Rebecca: What! That’s so cool. I had no idea. I usually just chuck it, because I don’t know what to do with them!

Tessa: Yeah, if it’s got the roots still on them. I used to use it right to the root, but now I leave a centimetre and then you just put it in water and stand it up and they grow within days. So it’s like also just like a really nice thing in the morning to go, oh look, something happened overnight.

Rebecca: Oh god, that’s incredible. So you don’t submerge it, right?

Tessa: You leave the top of the spring onion above the water and then just make sure the roots are in. Yeah. And it’s really cool. It’s fun. You can also like experiment with other things that you buy from the supermarket. They still have roots, all the herbs and the random things that you get. Sometimes you can do the same with coriander root and that kind of stuff. So it’s a bit of an experiment.

Rebecca: That’s a really good tip! And super easy to do. If there’s a beginner plant lover out there, you could try with herbs that still have roots, if you don’t want to commit to like a bigger plant!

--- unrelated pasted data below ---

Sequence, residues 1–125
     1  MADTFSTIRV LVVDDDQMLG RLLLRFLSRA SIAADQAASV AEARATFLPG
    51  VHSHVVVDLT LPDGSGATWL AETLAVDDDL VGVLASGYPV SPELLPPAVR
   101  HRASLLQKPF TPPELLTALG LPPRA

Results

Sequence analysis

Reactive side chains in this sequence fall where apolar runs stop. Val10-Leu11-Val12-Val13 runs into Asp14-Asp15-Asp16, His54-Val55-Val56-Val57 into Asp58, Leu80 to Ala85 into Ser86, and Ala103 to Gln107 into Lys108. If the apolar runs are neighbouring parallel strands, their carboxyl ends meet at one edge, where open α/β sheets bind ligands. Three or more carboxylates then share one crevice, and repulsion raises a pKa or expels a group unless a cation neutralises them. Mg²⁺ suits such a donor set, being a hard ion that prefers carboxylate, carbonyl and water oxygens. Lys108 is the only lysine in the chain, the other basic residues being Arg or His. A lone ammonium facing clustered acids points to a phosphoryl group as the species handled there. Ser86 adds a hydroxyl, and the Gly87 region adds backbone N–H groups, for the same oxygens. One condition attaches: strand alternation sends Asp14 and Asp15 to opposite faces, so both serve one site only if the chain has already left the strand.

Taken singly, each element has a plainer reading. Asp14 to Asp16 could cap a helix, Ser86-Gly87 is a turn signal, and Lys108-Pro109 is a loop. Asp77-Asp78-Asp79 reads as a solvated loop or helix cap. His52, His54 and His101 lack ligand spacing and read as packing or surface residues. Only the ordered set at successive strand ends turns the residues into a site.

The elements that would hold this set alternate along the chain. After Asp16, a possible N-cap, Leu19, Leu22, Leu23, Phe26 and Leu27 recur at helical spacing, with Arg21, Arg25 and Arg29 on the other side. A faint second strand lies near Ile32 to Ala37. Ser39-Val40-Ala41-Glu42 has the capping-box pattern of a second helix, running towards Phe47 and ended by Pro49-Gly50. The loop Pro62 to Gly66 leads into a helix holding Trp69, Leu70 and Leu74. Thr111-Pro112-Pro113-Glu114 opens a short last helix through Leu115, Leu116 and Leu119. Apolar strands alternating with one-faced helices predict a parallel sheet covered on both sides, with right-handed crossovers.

Tessa: Jars of water are your friend. If you haven’t got soil, or gloves, or anything, some things will just grow in a jar of water, so it’s not a lot of maintenance.

Rebecca: Do you have any resources or links you’ve used that have helped you on your plant journey?

Tessa: Hm, I’m sort of the opposite school. I could probably learn a whole lot more if I actually did that, but I just enjoy not knowing and getting away from a screen.

Rebecca: So more trial and error!

Tessa: It definitely comes from trial and error. My housemate and our neighbours—they’re really green thumbs. So I can just go, I’m just gonna put this here’, and then they help me. I just rely on housemates’ and neighbours’ advice, but also mainly some trial and error. If you really get into trouble, you can just do a quick search of what the plant is. I usually need to like look at pictures and go ‘is it that one?’

Mostly, it’s going to be about water or sunlight or soil. You just need to do different combinations of either too much water, not enough water, too much sun, not enough sun. What does the soil look like? We have this little plant feeder stuff, which we call chicken salt, because it’s bright yellow and looks like chicken salt. And so sometimes we just give the plant some chicken salt and it’s fine.